It hardly seems possible, but 1965 was 50 years ago, and I have connections with 30/1/65 (other, of course, than being so very young on that date). It was Sir Winston Churchill's funeral, and I remember it clearly. Not because I was especially knowledgeable, then, about who he was, and certainly not because I even saw the funeral on TV - we were away on our family summer holiday, staying in a caravan at Kaiteriteri camp ground at the top of the South Island and, to be frank, the main event for me of that stay was falling out of the top bunk in my sleep and injuring my arm. (Not that there was any possibility of my visiting a doctor, let alone the hospital: a former-nurse mother and family tradition of frugality saw to that. "Probably just a greenstick fracture," she sniffed; and a day in a home-made sling was the sum total of my treatment.)
No, what really struck me then was hearing on the radio that there would be a 90-gun salute in England to mark the event, one shot a minute: ridiculously young as I then was, I could still work out that that meant they would be firing the cannons for a whole hour and a half, and I was astonished. Of course, any visitor to England is hard put not to rub up against the great man in one way or another: his hulking statue near the Houses of Parliament; the unexpected maroon velvet jumpsuit he favoured while taking shelter in the underground bunker of the War Rooms in Westminster; the display of his childish auburn curls and letters home from boarding school displayed at Blenheim Palace near Woodstock ("Papa, I will take your advice about the cigars and don't think I shall often smoke more than one or two a day"); his unpretentious grave at Bladon nearby.
I've been to all those places and understand the respect, and feel it myself of course - but, as a New Zealander, not quite as whole-heartedly as the Brits. There's a one-word explanation: Gallipoli. It was a disastrous campaign, responsible for the carnage of cannon-fire Kiwi and Aussie soldiers beginning on April 25 coming up to twice as long ago - 1915 - and whose idea was it? None other than Winston Churchill, First Lord of the Admiralty. Not his finest hour (although as we all know his reputation was more than redeemed during WW2) and he was sacked from the war cabinet for it.
Naturally, it's not as black and white as that, and he was right to see the importance of trying to bail out the Russians by the only route possible; but from the Anzac perspective the predominant colour is poppy-red, and when I'm at the centenary in Turkey this year I doubt there'll be many apologists for Winston there.
Tuesday, January 27, 2015
I was struck, though, by how neat and tidy it was, by the row of young poplar trees in front of the buildings, how well-maintained it all seemed. Perhaps it's a mark of respect by the Germans, who to their credit keep this shameful part of their history open to everyone, for free - or perhaps it was always like that, a kind of orderly balance to the nightmarish things that went on there. It's true that there was a kind of disconnect that went on, men doing hideous things and then going home to their wives and children, living normal family lives.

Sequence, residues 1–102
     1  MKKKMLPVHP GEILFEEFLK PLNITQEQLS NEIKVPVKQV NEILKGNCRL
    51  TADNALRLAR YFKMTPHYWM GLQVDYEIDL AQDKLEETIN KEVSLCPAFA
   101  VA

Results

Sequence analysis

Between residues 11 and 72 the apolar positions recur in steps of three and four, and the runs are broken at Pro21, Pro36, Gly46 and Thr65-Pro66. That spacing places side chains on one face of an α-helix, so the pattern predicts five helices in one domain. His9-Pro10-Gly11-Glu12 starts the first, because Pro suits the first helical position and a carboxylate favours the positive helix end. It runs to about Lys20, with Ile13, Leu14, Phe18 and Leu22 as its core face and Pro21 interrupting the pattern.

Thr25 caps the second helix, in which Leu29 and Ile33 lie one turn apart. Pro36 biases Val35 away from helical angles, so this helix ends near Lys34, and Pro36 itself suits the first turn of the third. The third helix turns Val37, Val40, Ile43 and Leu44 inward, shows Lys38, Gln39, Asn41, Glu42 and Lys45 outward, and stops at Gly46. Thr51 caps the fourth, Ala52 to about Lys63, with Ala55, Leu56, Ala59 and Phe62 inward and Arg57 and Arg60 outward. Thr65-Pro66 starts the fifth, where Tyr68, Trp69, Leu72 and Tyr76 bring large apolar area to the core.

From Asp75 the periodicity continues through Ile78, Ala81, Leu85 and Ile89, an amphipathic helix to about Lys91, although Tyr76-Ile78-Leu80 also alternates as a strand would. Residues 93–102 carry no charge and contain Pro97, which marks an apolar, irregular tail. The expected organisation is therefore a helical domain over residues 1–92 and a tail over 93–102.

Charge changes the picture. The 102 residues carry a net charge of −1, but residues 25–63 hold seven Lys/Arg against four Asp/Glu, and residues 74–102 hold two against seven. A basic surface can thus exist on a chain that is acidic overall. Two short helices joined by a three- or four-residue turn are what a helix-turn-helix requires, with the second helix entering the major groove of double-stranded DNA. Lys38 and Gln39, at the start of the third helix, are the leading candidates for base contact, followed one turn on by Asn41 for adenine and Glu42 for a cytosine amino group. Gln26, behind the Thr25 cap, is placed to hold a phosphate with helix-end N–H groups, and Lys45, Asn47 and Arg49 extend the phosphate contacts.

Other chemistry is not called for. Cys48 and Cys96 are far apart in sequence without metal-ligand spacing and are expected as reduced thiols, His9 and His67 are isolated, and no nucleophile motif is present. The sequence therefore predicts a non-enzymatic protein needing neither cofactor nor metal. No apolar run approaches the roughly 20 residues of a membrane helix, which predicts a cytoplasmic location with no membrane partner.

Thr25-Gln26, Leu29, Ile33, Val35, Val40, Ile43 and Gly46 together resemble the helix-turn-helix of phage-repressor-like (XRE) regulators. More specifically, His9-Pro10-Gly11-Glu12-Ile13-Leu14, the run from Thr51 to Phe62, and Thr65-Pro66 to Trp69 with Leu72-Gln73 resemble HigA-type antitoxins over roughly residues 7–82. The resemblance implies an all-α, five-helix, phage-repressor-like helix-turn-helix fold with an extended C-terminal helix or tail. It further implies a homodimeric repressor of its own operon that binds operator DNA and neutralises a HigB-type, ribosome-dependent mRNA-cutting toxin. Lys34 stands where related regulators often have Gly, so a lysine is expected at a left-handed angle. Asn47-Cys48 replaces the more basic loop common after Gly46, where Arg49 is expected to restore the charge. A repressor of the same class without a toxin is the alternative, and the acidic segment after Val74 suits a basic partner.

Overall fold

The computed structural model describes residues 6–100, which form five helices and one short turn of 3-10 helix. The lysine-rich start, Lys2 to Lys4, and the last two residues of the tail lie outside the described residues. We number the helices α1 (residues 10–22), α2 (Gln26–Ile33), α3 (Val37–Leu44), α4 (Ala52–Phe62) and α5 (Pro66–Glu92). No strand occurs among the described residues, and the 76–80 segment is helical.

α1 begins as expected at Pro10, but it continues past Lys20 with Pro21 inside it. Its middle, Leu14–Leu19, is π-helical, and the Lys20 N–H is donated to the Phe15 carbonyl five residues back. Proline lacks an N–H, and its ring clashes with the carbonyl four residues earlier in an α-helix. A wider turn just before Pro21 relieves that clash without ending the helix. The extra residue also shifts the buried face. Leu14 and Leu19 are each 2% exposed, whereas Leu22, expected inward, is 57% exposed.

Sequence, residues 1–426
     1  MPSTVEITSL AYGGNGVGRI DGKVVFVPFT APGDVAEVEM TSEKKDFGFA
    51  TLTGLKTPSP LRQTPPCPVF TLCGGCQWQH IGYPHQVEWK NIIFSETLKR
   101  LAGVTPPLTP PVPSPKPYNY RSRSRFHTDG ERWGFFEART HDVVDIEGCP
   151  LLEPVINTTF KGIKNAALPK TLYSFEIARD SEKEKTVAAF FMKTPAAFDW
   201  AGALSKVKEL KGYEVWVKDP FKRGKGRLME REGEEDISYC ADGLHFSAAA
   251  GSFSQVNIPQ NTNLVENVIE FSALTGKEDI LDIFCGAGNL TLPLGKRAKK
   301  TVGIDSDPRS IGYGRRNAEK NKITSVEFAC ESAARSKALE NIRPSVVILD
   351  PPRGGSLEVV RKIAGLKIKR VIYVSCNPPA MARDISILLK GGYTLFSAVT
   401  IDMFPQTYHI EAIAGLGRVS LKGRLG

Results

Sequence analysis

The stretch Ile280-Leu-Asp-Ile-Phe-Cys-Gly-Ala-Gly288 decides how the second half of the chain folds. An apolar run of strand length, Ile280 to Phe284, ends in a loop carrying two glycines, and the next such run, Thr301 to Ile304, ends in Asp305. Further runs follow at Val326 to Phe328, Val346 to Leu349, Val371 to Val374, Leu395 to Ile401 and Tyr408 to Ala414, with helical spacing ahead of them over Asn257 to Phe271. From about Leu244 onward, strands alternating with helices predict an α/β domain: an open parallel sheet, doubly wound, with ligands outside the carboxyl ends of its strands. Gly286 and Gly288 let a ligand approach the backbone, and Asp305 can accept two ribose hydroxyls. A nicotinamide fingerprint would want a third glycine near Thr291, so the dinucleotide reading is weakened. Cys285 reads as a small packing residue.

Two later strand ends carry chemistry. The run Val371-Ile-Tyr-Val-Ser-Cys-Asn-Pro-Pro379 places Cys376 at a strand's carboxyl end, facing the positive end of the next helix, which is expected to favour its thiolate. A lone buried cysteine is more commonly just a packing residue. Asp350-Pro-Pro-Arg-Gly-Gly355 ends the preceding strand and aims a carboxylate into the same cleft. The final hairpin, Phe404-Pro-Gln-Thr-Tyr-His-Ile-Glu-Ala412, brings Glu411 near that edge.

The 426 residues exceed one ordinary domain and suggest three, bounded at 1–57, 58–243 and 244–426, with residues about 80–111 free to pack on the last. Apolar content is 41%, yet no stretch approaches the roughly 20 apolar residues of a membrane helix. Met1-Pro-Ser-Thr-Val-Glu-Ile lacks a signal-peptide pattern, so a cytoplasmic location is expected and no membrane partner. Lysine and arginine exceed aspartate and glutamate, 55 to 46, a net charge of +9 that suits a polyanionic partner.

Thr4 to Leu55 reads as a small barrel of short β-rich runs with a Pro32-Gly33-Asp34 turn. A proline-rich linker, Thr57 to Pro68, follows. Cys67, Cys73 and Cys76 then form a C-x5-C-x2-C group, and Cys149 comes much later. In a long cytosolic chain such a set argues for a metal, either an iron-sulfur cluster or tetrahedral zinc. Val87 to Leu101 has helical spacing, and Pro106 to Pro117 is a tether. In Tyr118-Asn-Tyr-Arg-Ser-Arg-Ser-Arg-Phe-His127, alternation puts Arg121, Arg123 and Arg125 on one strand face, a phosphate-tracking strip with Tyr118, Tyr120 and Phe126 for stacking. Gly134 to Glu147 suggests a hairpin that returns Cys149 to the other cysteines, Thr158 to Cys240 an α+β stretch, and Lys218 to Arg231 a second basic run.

So visiting Auschwitz, and Budapest's House of Terror, and Hoa Lo Prison in Hanoi, which I have, and so many other similar places in Cambodia, Africa, Russia and elsewhere, which I haven't, is necessary. Travel shouldn't just be about good times, it should always be about learning, and understanding, and remembering. That's why they say it broadens the mind - and, if nothing else, the Holocaust came about because of narrow, blinkered thinking.
Friday, January 23, 2015
It feels like a risky, non-PC and narrow-minded thing to say but, to be brutally honest, the Chinese are not my favourite tourists. Quite simply, they don't know how to behave. They're loud, pushy, ill-disciplined, have some very unfortunate personal habits, go around in large groups, and often seem to be taking small interest in the places that they're spoiling for everyone else. They remind me a bit of how the Japanese used to be when they first started travelling back in the '70s: in groups, pouring off buses to take photos of each other in front of various sights, climbing back on board again, and falling straight asleep. I still remember vividly being sent staggering off that flagstone in the middle of St Peter's Square in Vatican City from where all the columns around the outside line up. That group of excitably chattering Japanese tourists never even noticed that I was there first.
But since then they have become much more sophisticated, braver, more independent and perfectly considerate tourists. They have learned. Will the Chinese do the same? Perhaps, eventually - but there are so many more of them, newly affluent, to be making their first thrilling forays overseas that it will take a very long time for the message to spread about personal space, personal hygiene, queuing and so on. In the meantime, we'll have to put up with being crowded out and shouted down, and will have to watch where we put our feet. Such a shame, when you're in a place like Queenstown, which is all about gazing awestruck around you.
Thursday, January 22, 2015
I love ziplines. What's not to enjoy? You whizz through the air, high above the tree tops, usually with a pretty spectacular view if you ever were undistracted enough to appreciate it, and finish with an exciting swing - and it's all as safe as houses. If the crabby homeowners in the quarry ever got over themselves enough to have a go, they would understand the delight; but, sadly, that's not going to happen.